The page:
In this book, Rachel Kousser draws on contemporary reception theory to present a new approach to Hellenistic and Roman ideal sculpture. She analyzes the Romans' preference for retrospective, classicizing statuary based on Greek models as opposed to the innovative creations prized by modern scholars. Using a case study of a particular sculptural type, a forceful yet erotic image of Venus, Kousser argues that the Romans self-consciously employed such sculptures to represent their ties to the past in a rapidly evolving world. Kousser presents Hellenistic and Roman ideal sculpture as an example of a highly effective artistic tradition that was, by modern standards, extraordinarily conservative. At the same time, the Romans' flexible and opportunistic use of past forms also had important implications for the future: it constituted the origins of classicism in Western art.
|Publisher:||Cambridge University Press|
|Product dimensions:||7.01(w) x 10.00(h) x 0.43(d)|
About the Author
Rachel Kousser is Assistant Professor of Ancient Art at Brooklyn College and a member of the doctoral faculty at the Graduate Center of the City University of New York. She has received fellowships from the Mellon Foundation, the German Archaeological Institute in Berlin, the Romish-Germanisches Zentralmuseum Mainz, the PSC-CUNY Research Foundation, and the American Numismatic Society. She has contributed several articles to the American Journal of Archaeology.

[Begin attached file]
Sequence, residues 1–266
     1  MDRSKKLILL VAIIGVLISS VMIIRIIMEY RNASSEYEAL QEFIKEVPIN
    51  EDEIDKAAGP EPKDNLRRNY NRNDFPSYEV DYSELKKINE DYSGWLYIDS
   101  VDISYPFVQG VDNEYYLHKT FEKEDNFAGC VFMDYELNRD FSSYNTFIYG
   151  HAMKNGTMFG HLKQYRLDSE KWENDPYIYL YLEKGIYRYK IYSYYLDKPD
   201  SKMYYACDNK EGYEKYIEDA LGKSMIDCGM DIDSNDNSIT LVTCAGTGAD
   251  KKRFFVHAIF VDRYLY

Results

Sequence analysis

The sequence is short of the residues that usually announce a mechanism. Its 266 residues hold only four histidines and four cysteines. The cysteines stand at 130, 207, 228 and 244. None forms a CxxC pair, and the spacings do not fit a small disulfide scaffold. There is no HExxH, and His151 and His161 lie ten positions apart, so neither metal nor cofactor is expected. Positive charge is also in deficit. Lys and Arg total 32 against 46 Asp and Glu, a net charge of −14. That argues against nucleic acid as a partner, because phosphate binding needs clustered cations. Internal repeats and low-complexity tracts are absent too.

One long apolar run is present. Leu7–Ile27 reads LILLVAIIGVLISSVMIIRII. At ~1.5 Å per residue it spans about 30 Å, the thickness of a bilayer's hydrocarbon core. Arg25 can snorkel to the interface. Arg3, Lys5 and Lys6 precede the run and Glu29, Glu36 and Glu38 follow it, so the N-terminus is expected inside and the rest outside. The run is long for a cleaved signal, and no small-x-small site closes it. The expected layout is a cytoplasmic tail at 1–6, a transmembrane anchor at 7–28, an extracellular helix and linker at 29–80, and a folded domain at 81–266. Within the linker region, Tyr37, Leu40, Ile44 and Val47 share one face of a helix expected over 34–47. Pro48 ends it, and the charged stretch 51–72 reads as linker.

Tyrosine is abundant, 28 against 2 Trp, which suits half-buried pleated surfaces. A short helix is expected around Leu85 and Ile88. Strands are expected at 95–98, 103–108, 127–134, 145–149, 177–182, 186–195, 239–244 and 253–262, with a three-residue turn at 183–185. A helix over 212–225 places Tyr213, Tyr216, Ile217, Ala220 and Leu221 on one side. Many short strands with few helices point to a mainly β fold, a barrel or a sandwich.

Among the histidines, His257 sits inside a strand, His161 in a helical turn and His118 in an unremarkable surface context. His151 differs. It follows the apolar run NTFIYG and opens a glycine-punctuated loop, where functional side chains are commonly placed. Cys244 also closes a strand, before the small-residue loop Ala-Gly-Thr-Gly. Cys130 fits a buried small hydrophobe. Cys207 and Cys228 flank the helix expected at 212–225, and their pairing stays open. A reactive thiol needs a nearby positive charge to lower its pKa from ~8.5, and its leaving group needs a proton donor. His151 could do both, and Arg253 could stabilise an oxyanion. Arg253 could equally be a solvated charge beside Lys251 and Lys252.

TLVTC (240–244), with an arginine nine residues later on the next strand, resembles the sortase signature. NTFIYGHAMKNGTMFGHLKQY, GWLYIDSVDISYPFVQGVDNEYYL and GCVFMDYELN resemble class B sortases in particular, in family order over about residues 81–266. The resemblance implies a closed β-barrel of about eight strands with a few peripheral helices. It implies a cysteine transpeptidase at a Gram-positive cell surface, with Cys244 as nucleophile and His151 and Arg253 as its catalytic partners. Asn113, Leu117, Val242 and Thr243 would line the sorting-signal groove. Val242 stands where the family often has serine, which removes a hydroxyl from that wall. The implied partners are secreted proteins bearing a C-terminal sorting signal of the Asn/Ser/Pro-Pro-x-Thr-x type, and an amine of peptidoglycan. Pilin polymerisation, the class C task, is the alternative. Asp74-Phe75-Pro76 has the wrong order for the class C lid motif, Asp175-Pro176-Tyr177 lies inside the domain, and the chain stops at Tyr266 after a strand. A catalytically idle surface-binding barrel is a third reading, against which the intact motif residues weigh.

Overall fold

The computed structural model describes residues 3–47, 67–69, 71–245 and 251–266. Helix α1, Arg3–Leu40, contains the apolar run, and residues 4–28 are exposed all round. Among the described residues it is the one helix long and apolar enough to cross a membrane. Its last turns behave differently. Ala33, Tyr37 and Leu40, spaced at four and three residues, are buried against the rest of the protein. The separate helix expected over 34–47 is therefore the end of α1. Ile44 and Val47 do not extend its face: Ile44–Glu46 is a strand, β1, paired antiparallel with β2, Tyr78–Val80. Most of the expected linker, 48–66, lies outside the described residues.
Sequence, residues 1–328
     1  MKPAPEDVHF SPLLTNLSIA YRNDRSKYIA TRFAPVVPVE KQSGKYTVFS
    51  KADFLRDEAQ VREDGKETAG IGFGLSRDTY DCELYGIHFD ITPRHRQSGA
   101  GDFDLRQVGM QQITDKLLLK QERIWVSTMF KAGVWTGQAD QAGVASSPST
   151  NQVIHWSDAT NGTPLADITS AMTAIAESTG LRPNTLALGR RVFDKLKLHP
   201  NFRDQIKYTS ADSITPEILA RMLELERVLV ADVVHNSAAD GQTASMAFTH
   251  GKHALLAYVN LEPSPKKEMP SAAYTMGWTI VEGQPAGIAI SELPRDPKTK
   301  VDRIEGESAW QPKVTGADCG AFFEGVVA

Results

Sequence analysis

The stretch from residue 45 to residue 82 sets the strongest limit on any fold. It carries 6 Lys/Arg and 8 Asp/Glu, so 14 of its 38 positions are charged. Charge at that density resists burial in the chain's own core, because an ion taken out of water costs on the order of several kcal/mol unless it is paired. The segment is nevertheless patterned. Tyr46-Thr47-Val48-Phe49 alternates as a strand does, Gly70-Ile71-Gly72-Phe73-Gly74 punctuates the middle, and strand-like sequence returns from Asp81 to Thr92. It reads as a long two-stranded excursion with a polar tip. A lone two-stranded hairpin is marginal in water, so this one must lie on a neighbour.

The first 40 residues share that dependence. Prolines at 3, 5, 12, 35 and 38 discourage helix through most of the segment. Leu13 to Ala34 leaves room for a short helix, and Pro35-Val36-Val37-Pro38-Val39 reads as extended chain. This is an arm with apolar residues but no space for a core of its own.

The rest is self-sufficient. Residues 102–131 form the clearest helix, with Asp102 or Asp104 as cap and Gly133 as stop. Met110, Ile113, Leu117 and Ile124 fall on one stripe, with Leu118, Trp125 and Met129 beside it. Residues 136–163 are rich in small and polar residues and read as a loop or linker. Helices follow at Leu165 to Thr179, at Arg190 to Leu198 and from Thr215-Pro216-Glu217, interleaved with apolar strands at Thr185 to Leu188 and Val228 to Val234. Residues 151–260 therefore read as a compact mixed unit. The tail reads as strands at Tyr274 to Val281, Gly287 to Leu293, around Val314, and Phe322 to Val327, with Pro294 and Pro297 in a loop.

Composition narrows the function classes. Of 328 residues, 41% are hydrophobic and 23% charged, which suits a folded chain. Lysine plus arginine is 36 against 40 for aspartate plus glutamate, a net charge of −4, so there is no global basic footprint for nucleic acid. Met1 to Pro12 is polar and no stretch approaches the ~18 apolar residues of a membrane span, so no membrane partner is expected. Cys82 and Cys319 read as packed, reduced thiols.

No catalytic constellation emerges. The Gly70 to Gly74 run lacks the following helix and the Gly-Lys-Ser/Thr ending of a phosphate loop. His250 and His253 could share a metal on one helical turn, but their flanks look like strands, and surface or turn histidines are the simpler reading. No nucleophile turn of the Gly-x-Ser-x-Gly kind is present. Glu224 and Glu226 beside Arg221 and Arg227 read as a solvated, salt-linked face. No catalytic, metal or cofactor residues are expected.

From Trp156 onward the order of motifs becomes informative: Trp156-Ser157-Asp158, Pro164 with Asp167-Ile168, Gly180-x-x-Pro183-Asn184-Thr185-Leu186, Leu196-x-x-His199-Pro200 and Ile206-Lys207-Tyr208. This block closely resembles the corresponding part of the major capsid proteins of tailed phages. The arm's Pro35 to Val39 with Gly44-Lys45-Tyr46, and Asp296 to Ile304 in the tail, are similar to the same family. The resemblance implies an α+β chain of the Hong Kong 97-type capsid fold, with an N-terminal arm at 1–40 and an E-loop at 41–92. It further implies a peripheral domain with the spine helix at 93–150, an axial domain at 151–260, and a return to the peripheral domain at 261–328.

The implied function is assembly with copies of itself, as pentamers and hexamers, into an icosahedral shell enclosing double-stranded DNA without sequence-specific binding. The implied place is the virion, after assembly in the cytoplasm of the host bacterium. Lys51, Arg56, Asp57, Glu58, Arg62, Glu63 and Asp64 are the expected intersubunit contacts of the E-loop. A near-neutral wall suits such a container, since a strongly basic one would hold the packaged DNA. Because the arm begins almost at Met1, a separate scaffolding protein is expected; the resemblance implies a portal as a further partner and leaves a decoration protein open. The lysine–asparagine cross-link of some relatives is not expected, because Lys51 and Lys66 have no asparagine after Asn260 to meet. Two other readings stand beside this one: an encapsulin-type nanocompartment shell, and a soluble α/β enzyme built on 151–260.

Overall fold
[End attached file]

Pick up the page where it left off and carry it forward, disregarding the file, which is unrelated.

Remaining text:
Table of Contents1. Creating the past: the origins of classicism in Hellenistic sculpture; 2. From Greece to Rome: retrospective sculpture in the early empire; 3. From metropolis to empire: retrospective sculpture in the high empire; 4. From Roman to Christian: retrospection and transformation in late antique art.